(Reuters) Health insurance subsidies under the Affordable Care Act will cost slightly less than previously thought, helping to slow down the forecast growth of U.S. deficits over the next decade, the Congressional Budget Office said on Monday.
(Wall Street Journal) Access to preventive care at no charge to the patient is a key tenet of the federal health law. But questions about what qualifies as "preventive" are causing discord between doctors and patients, particularly when it comes to the traditional annual checkup. Some patients, anticipating free visits to address all their health issues -- past, present and potential -- are upset to find that only some of that qualifies as preventive care, exempt from deductibles and copays.
(Kaiser Health News) To help make sure a patient's claims aren't improperly denied, the Affordable Care Act creates national standards allowing appeals to the insurer and, if necessary, to a third-party reviewer.
(USA Today) Confirmation hearings for the next secretary of health and human services are likely to be more about the health care law than nominee Sylvia Mathews Burwell. Republicans are serving notice that they will use the Burwell hearings to spotlight what they call problems with the health care law, including canceled policies, higher premiums, and delay of some provisions.
(ThinkProgress) Rep. Tom Cotton (R-AR), who's running for Senate, refused to take a firm position on the state's Medicaid expansion.
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Medicare’s Top Billers: Where Are the Women?

(WCG) Only 3 percent of the top 100 Medicare billers were women. Broaden the list to the top 1,000 billers, and women make up more of the pool, but still only hit 7 percent. Even if you look at the top 10,000 recipients of Medicare money, you don’t even get to 11 percent women. It’s not that no women bill Medicare. Take the whole dataset — all 880,000  providers — and women make up almost 40 percent of the names. They’re just hugely under-represented at the top of the list.
It’s a bit mysterious why the ranks of the top-billers should be so overwhelmingly male. Yes: medicine remains heavily male, with women making up about 30 percent of physicians. But there’s a big difference between a 30/70 split and a 3/97 split. What gives?
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As novice runners hit the open road, experts say take it slow

(Reuters) As the days lengthen and the weather warms and novice runners cast an eye outdoors, fitness experts suggest they take a slow start to find their outdoor rhythm and pace to avoid injuries.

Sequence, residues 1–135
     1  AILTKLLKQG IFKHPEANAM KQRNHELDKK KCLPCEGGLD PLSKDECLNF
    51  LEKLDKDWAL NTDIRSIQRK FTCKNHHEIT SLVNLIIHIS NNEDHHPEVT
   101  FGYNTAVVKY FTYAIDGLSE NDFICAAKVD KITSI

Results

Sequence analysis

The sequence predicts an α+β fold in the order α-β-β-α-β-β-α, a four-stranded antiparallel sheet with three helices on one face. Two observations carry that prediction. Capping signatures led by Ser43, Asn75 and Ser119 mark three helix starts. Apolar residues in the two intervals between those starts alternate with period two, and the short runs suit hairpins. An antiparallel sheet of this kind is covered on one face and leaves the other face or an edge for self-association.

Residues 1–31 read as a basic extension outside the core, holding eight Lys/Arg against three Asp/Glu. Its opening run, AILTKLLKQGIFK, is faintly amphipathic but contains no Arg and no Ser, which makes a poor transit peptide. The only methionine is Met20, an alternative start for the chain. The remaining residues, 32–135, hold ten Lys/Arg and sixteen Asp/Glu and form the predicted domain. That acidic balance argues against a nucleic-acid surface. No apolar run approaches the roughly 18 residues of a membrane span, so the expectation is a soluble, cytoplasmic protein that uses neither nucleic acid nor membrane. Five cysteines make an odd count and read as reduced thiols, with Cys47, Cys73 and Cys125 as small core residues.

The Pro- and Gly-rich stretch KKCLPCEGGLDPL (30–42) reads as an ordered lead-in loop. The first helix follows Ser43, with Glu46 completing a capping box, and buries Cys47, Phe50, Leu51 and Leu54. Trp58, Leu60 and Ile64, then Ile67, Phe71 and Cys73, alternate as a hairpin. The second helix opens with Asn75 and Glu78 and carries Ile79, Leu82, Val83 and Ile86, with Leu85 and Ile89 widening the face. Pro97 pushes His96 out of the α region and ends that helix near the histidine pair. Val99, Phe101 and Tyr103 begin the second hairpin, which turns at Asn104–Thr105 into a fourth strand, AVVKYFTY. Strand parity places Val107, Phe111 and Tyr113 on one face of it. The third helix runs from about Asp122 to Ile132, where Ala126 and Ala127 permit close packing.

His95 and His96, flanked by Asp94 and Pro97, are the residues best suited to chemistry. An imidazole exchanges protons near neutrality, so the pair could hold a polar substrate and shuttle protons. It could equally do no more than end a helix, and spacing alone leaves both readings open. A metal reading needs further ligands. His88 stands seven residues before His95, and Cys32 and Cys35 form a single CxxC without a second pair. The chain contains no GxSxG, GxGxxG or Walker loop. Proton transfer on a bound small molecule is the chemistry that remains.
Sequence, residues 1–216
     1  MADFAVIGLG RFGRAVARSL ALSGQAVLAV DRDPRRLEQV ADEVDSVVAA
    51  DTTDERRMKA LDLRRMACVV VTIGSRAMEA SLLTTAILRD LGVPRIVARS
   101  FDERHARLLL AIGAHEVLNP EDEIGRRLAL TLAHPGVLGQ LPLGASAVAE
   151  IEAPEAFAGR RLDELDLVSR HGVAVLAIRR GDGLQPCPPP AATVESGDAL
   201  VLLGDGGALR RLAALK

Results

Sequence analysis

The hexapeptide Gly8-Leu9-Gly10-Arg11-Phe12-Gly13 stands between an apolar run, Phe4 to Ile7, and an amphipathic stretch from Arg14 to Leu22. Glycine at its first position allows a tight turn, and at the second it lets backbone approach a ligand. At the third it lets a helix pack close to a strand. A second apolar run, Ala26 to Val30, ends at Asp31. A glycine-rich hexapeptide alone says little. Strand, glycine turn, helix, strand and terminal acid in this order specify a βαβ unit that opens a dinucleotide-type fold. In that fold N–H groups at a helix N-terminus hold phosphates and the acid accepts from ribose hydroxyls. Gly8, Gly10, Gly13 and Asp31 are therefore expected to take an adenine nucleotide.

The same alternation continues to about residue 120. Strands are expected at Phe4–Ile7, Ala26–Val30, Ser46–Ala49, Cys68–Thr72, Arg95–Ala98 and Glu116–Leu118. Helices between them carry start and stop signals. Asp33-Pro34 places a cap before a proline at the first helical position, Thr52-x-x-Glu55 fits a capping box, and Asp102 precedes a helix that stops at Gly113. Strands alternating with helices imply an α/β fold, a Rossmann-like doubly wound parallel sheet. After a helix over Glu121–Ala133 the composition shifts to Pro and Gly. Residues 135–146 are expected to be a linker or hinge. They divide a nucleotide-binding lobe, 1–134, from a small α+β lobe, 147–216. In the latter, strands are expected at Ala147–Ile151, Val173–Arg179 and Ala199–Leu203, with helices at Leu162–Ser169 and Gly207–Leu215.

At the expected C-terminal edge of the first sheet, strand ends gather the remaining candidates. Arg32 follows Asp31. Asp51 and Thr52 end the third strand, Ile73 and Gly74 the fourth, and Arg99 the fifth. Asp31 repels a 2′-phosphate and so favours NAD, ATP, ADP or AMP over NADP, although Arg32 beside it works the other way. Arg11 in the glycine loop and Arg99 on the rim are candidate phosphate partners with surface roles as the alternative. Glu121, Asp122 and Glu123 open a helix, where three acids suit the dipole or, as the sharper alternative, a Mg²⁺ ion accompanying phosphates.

Jen Van Allen, a certified running coach and co-author of "The Runner's World Big Book of Running for Beginners" said the first time outdoors everyone else seems like a real runner. And new runners often fear getting hurt, or that they will find running unpleasant or boring.
"Certainly when someone pushes body and mind farther there is going to be some discomfort," said Van Allen, who has completed 48 marathons. "But a lot of people make the mistake of running as fast as they can and they get hurt."
She suggests that even if the goal is to run, newbies should walk and use the first four to six weeks to establish the habit.
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Seasonal allergies: Nip them in the bud

(Mayo Clinic) Spring means flower buds and blooming trees — and if you're one of the millions of people who have seasonal allergies, it also means sneezing, congestion, runny nose and other bothersome symptoms. Seasonal allergies — also called hay fever and allergic rhinitis — can make you miserable. But before you settle for plastic flowers and artificial turf, try these simple strategies to keep seasonal allergies under control.
To reduce your exposure to the things that trigger your allergy signs and symptoms (allergens):
·         Stay indoors on dry, windy days — the best time to go outside is after a good rain, which helps clear pollen from the air.
·         Delegate lawn mowing, weed pulling and other gardening chores that stir up allergens.
·         Remove clothes you've worn outside; you may also want to shower to rinse pollen from your skin and hair.
·         Don't hang laundry outside — pollen can stick to sheets and towels.
·         Wear a dust mask if you do outside chores.